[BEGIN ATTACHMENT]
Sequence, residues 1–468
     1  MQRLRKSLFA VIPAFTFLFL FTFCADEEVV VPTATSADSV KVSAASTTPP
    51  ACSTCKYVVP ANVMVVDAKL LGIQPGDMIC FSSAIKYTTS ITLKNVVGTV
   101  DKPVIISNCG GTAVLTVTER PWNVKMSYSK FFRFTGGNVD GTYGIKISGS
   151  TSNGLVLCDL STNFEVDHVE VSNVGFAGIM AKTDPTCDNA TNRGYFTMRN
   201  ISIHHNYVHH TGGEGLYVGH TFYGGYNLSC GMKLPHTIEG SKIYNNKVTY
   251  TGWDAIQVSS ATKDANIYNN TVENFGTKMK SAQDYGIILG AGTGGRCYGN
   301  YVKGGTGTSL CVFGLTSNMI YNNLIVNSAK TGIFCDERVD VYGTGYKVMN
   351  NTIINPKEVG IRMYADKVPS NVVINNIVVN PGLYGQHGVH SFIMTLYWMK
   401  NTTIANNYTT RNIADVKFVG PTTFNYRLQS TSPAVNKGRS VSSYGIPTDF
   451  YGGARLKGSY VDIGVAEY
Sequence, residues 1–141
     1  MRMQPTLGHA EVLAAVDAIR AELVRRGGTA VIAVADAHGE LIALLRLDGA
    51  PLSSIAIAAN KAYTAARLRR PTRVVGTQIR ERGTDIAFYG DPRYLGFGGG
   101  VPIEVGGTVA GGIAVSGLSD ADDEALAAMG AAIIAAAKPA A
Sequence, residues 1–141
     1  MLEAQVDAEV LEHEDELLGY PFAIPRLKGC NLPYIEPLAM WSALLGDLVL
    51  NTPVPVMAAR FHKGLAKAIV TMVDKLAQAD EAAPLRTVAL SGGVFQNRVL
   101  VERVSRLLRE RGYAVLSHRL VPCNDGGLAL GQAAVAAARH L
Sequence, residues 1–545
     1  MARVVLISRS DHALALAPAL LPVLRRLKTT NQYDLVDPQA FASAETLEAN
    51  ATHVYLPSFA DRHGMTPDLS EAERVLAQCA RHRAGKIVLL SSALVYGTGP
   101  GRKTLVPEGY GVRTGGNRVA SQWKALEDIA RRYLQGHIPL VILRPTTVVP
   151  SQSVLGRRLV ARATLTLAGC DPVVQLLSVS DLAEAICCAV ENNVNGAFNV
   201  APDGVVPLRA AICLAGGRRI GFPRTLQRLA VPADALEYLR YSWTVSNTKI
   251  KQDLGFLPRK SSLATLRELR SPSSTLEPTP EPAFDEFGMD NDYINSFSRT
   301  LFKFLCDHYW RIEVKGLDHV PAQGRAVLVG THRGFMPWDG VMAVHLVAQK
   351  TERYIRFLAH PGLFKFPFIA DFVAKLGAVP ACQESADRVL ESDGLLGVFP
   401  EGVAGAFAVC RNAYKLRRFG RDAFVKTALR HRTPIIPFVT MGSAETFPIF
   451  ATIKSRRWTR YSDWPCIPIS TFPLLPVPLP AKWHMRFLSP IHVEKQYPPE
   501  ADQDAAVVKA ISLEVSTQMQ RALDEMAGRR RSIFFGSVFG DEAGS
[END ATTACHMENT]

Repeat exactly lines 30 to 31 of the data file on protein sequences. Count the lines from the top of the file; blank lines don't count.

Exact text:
   451  ATIKSRRWTR YSDWPCIPIS TFPLLPVPLP AKWHMRFLSP IHVEKQYPPE
   501  ADQDAAVVKA ISLEVSTQMQ RALDEMAGRR RSIFFGSVFG DEAGS